In addition to blocking DC from the speaker, C2 (1000µF), along with the speaker’s impedance (in this case 8 ohms), form a high pass filter. The value of C2 needs to be of sufficient value to pass the lowest desired frequency to the listener. In this circuit, the chosen value of 1000µF results in a low end cutoff of approximately 20 Hz.
Once again we use the equation for calculating the 3dB cutoff for RC filters with the new values:
A 330Ω resistor (R3) is placed in series with the headphones (when they are plugged in). This resistor reduces the audio level in the headphones and will help prevent damage to the LM386 IC should the headphone wiring produce a short circuit, or if a monophonic plug is inserted into the stereo jack.
The PC Board
The three connection points will accept 2.54mm, 2 pin, Molex KK headers. However, I don’t have the proper crimping dies for the mating connectors so I don’t use the headers and, instead, solder the wires directly to the pads.
A dimensional drawing of the assembled PCB (PDF) is available here:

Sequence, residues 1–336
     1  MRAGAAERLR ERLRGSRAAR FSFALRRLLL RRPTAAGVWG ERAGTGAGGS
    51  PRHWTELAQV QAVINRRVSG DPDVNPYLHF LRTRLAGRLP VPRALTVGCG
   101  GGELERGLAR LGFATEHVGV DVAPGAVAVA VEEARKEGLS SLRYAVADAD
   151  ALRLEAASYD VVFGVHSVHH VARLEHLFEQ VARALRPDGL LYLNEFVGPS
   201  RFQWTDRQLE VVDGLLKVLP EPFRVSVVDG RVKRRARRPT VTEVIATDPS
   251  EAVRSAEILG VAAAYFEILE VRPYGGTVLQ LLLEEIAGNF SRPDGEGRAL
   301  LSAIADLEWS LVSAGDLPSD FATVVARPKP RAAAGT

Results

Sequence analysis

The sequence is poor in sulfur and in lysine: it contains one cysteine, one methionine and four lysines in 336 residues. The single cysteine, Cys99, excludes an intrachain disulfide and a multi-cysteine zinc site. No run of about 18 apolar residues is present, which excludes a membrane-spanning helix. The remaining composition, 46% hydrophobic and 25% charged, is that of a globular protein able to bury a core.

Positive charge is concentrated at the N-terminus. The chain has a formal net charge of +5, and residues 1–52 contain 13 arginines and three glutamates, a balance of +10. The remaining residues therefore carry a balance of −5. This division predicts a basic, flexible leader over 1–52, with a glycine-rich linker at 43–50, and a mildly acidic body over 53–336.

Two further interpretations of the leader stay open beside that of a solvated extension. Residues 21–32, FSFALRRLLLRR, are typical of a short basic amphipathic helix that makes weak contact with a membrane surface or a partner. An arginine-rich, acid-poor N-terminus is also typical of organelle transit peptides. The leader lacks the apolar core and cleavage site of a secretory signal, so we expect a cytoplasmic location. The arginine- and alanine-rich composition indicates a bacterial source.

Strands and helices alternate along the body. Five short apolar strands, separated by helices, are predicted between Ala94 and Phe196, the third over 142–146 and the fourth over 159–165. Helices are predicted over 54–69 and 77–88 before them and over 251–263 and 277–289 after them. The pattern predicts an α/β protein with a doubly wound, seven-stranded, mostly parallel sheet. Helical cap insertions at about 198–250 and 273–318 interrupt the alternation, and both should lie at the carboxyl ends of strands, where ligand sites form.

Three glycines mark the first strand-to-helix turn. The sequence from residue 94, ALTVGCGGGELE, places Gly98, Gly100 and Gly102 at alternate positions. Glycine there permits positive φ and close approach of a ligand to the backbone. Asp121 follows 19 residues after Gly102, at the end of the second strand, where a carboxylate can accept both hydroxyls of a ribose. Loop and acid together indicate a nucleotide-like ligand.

PDF – PCB Dimensions, LM386 Amplifier
The enclosure for the amplifier consists of three 3D printed parts. Renders of the housing and back panel are shown at the top of this post. Inside the case, there is a 3D printed retainer to keep the speaker in place. It fits a CUI Inc. Speaker, P/N GF0771. I ordered the speaker from mouser.com.
That speaker retainer makes for a chunky looking creature. However, it is going to be under constant stress since it will be clamping the speaker in place. I don’t know how the PLA will hold up to that. It is likely chunkier than it needs to be.
Threaded brass inserts (M3) are installed into the case with a soldering iron. The fasteners for the project consists of 2x M2 x4 screws and companion nuts that hold the battery bracket to the PCB, 2x M3 x 12 screws that clamp the speaker retainer in place, and 3x M3 x 6 screws that hold the back panel on.
Inside, the amplifier looks something like this:
STL files for the enclosure parts are available at the bottom of this post. Use at your own risk.
The Completed Amplifier
The 3D printed case got a couple of coats of filler primer, a small amount of filler putty and pitiful little sanding. The finish coat is Krylon Gloss White enamel.
The raised lettering on the back panel did not come out too well.
Here are the STL files for the Case, Back Panel, and Speaker Retainer. If you want to 3D print these parts you’re on your own. The same goes for using any of the information presented here. There are no guarantees or warranties that any of the files and/or information is correct, or is of any use at all.